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Wrong-way driver doesn’t rattle Torc Robotics self-driving car

on January 8, 2018

LAS VEGAS, NV — The Torc Robotics self driving cars, dubbed Asimov, are cruising the streets of Las Vegas this week at CES, safely handling complex driving scenarios. In this video, the car handles a wrong-way driver at the same time pedestrians are in the road and another car overlaps the lane. Using Torc’s complete end-to-end software stack, the vehicle perceives the wrong-way driver moving towards it, plans how to act, then slows down to control the situation and increase safety.

“It’s possible the greatest challenge in the self-driving space is safely handling the infinite corner case scenarios,” says Torc CEO Michael Fleming. “If we polled 100 people on what a human driver should do in this scenario, you would get a lot of different answers,” he explains.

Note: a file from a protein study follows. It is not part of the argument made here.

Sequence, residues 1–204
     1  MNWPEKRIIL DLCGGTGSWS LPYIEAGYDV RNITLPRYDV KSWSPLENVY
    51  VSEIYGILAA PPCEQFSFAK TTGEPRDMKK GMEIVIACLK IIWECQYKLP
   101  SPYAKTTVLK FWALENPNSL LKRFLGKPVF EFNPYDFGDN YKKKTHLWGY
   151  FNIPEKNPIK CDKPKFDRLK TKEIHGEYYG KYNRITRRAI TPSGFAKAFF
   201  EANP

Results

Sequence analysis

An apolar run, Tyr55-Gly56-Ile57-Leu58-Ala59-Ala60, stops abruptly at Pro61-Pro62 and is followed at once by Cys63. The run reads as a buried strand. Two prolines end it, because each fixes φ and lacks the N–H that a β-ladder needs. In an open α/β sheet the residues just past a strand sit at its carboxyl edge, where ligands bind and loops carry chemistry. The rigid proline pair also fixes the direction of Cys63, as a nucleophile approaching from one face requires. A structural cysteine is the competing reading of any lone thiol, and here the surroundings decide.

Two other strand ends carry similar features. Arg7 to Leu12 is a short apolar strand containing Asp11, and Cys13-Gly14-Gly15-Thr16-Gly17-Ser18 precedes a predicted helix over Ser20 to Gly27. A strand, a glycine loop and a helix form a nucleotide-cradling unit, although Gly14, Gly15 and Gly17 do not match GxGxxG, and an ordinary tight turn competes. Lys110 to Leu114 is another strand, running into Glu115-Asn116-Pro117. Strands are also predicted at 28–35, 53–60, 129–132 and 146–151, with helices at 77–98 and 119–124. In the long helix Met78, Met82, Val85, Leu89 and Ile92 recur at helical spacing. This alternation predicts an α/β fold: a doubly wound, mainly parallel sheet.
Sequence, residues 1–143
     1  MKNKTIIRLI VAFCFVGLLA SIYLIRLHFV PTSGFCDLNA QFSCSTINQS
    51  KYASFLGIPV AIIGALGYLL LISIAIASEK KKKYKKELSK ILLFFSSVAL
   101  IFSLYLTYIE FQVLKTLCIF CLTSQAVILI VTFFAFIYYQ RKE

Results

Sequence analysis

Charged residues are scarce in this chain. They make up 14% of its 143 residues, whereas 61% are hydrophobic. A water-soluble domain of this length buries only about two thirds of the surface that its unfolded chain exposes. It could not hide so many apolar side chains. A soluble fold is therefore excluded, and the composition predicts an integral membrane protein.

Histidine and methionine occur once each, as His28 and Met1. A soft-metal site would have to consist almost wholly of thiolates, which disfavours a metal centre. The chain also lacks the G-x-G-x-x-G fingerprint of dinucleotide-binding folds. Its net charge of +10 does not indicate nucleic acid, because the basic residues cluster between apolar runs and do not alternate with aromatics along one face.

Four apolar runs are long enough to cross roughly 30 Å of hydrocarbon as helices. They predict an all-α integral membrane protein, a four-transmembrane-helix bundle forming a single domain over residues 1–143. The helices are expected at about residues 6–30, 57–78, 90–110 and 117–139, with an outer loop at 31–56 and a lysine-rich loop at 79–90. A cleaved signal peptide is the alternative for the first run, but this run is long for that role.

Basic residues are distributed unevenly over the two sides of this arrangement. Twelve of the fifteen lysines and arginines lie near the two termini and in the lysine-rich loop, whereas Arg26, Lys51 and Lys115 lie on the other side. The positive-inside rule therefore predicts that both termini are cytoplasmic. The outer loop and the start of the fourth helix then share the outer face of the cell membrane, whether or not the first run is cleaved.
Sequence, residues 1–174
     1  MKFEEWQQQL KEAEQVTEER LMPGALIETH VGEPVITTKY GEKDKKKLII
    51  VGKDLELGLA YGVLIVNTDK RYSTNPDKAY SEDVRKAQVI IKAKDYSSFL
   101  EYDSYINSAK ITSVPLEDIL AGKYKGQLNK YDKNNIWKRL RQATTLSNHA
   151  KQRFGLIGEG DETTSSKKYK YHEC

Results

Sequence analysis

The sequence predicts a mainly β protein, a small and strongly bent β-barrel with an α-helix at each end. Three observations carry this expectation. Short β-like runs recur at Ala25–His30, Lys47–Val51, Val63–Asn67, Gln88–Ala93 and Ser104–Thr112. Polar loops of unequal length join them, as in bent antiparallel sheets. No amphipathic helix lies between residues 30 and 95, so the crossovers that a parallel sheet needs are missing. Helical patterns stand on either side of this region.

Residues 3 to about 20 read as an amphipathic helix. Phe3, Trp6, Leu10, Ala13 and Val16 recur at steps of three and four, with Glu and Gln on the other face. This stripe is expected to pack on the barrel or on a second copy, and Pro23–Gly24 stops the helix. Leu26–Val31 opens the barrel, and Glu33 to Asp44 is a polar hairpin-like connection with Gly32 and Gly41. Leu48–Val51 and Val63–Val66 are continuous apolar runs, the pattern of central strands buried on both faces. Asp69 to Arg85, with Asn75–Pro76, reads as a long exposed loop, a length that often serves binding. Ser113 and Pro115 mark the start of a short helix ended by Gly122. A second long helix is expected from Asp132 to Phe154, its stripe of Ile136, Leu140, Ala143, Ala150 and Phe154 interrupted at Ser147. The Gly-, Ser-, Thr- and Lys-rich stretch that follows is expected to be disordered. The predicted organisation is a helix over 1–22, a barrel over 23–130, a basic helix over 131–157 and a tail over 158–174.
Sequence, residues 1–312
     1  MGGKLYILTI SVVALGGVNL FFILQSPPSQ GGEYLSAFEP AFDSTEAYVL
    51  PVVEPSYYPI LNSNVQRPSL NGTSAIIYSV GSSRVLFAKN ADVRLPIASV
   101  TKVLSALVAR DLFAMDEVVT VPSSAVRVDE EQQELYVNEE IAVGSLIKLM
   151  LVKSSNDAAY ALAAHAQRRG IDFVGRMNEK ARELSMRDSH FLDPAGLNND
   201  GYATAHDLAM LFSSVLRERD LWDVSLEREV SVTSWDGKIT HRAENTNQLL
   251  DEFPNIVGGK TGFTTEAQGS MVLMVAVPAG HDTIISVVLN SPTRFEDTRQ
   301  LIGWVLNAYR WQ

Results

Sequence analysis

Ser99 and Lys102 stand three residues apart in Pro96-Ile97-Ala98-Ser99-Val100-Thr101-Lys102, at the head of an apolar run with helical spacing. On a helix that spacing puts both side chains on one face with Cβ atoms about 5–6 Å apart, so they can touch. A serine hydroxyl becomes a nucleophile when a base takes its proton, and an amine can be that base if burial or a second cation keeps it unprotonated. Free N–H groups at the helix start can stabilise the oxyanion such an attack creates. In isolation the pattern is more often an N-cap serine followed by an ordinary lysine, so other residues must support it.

“We have collected petabytes of these scenarios over the last decade — all the way back to the DARPA Urban Challenge.” Torc is working with private and government entities to share these lessons learned and develop safety criteria so self driving cars can lead to safer transportation for all.

Torc is offering CES visitors private rides in Las Vegas in the start of its consumer-testing phase of commercializing the self-driving technology. Wayne Cunningham of CNET reports that the mature software drives like a human.

 

About Torc Robotics

Torc Robotics, headquartered in Blacksburg, Virginia, provides end-to-end self-driving solutions across multiple industries, including automotive, mining, and defense. Founded in 2005, Torc has integrated its components and systems on ground vehicles ranging from consumer SUVs to 300-ton mining trucks—in safety-critical environments. Torc first gained notice when it developed the self-driving software stack for Virginia Tech in the 2007 DARPA Urban Challenge. As one of three winners of the DARPA Urban Challenge, Torc has commercialized this technology through partnerships with original equipment manufacturers (OEMs) and their Tier 1 suppliers.

Jim DudleyWrong-way driver doesn’t rattle Torc Robotics self-driving car